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Search Results: 1 - 10 of 14079 matches for " Jan Sebestik "
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The Beytr ge at 200: Bolzano's quiet revolution in the philosophy of mathematics
Jan Sebestik,Paul Rusnock
Journal for the History of Analytical Philosophy , 2013, DOI: 10.4148/jhap.v1i8.1460
Abstract: This paper surveys Bolzano's Beytr ge zu einer begründeteren Darstellung der Mathematik (Contributions to a better-grounded presentation of mathematics) on the 200th anniversary of its publication. The first and only published issue presents a definition of mathematics, a classification of its subdisciplines, and an essay on mathematical method, or logic. Though underdeveloped in some areas (including,somewhat surprisingly, in logic), it is nonetheless a radically innovative work, where Bolzano presents a remarkably modern account of axiomatics and the epistemology of the formal sciences. We also discuss the second, unfinished and unpublished issue, where Bolzano develops his views on universal mathematics. Here we find the beginnings of his theory of collections, for him the most fundamental of the mathematical disciplines. Though not exactly the same as the later Cantorian set theory, Bolzano's theory of collections was used in very similar ways in mathematics, notably in analysis. In retrospect, Bolzano's debut in philosophy was a remarkably successful one, though its fruits would only become generally known much later.
A Longitudinal Analysis of the Stability of Household Money Demand  [PDF]
Jan Tin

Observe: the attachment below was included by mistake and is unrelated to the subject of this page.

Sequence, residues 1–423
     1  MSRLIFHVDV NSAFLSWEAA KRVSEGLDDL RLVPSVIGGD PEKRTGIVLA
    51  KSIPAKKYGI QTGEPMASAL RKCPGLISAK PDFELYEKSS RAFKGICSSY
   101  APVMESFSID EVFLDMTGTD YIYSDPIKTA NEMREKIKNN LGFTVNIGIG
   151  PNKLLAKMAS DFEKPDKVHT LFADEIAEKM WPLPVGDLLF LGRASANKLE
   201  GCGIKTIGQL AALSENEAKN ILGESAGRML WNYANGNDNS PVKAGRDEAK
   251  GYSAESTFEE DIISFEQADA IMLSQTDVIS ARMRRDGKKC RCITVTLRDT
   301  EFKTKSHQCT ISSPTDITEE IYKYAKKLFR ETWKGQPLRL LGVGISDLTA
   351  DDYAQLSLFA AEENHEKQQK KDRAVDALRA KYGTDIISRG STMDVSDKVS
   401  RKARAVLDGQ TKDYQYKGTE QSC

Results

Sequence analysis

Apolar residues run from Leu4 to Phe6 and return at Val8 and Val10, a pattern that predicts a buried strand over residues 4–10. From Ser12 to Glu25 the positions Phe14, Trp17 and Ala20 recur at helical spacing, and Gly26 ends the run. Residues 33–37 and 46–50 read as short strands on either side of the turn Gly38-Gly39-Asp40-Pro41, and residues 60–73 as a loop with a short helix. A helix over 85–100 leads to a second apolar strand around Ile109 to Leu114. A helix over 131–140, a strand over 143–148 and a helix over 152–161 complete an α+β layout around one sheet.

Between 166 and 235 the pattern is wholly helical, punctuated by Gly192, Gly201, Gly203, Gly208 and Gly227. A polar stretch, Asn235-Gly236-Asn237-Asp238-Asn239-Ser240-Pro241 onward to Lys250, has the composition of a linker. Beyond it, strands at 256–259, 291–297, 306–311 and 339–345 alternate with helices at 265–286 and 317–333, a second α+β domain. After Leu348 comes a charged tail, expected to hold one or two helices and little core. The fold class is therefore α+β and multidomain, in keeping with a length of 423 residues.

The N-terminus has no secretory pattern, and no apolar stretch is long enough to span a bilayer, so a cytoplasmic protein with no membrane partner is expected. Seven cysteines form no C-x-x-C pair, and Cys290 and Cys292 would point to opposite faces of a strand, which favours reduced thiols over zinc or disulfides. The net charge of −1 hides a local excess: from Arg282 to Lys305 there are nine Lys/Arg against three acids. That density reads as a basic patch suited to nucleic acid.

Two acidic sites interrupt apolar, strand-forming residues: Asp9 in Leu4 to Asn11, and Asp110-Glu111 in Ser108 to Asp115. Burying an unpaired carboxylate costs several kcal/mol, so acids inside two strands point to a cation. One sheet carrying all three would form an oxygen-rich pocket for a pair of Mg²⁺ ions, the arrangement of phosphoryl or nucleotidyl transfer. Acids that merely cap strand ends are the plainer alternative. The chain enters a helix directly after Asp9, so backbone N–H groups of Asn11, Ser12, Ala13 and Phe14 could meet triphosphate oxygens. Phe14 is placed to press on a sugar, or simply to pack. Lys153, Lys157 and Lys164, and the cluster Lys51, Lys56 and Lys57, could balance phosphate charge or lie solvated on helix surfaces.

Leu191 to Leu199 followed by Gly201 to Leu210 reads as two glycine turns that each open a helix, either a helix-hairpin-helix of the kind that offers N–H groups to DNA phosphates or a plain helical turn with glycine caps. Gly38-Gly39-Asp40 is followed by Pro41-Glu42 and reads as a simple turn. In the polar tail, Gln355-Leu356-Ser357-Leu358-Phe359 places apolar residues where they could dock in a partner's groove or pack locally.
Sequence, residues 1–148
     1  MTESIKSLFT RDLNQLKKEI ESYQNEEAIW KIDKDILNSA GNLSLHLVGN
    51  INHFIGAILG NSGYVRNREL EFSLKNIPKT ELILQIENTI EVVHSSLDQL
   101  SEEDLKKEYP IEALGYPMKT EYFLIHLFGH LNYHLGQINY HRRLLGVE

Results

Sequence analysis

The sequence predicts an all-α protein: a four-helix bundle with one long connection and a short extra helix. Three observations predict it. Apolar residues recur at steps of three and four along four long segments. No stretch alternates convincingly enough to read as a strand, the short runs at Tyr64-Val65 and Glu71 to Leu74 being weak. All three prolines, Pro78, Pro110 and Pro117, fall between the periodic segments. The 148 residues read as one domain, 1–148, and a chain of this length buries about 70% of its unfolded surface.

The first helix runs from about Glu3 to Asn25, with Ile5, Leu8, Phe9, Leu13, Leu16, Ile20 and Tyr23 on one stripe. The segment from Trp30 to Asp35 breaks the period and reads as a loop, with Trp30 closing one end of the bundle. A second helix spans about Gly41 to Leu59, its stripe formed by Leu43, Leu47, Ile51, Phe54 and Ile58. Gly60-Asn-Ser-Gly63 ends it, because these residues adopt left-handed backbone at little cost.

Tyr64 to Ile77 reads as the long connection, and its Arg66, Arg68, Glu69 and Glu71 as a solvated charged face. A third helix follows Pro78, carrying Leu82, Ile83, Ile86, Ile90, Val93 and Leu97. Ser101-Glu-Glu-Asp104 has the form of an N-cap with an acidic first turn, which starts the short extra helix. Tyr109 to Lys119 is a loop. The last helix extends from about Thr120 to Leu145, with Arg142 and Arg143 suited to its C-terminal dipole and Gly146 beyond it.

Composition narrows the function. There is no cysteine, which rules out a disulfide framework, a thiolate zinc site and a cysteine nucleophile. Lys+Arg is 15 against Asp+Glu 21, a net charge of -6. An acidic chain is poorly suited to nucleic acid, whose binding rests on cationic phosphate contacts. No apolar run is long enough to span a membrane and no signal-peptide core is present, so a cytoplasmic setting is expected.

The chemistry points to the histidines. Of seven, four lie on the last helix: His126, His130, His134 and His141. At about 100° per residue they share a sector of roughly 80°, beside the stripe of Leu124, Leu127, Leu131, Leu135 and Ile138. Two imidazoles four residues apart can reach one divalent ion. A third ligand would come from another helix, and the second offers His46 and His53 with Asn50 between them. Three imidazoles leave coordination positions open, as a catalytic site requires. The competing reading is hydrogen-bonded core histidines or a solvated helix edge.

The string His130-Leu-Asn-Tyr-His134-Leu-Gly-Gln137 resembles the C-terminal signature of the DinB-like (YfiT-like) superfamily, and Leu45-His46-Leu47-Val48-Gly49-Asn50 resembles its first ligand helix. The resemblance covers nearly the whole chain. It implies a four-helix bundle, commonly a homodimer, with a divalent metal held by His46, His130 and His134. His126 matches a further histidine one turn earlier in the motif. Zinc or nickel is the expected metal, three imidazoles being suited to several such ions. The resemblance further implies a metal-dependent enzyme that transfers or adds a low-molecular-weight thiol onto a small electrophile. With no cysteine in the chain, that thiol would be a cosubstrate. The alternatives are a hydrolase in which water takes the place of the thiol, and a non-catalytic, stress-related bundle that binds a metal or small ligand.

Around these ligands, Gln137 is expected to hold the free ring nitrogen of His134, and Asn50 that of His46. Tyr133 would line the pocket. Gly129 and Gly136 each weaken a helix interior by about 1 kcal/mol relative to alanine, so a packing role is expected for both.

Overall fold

Modern Economy (ME) , 2011, DOI: 10.4236/me.2011.23046
Abstract: Past aggregate time-series studies, conducted under the assumption of a representative economic agent, frequently show that the demand for narrowly defined M1, especially non-interest-yielding demand deposit, is unstable during periods of financial innovations. Whether this is longitudinally the case among life-cycle savers is unclear. This study utilizes longitudinal data to take another look and find that volatility in the demand for non-interest-earning checking accounts in the mid and late 1990s is attributable solely to the portion held for the transactions motive. When the conventional Baumol-Tobin model is extended to include human capital and family formation variables representing the life-cycle motive, equilibrium money demand is a stable function of both economic and demographic variables.
A Spectral Method in Time for Initial-Value Problems  [PDF]
Jan Scheffel
American Journal of Computational Mathematics (AJCM) , 2012, DOI: 10.4236/ajcm.2012.23023
Abstract: A time-spectral method for solution of initial value partial differential equations is outlined. Multivariate Chebyshev series are used to represent all temporal, spatial and physical parameter domains in this generalized weighted residual method (GWRM). The approximate solutions obtained are thus analytical, finite order multivariate polynomials. The method avoids time step limitations. To determine the spectral coefficients, a system of algebraic equations is solved iteratively. A root solver, with excellent global convergence properties, has been developed. Accuracy and efficiency are controlled by the number of included Chebyshev modes and by use of temporal and spatial subdomains. As examples of advanced application, stability problems within ideal and resistive magnetohydrodynamics (MHD) are solved. To introduce the method, solutions to a stiff ordinary differential equation are demonstrated and discussed. Subsequently, the GWRM is applied to the Burger and forced wave equations. Comparisons with the explicit Lax-Wendroff and implicit Crank-Nicolson finite difference methods show that the method is accurate and efficient. Thus the method shows potential for advanced initial value problems in fluid mechanics and MHD.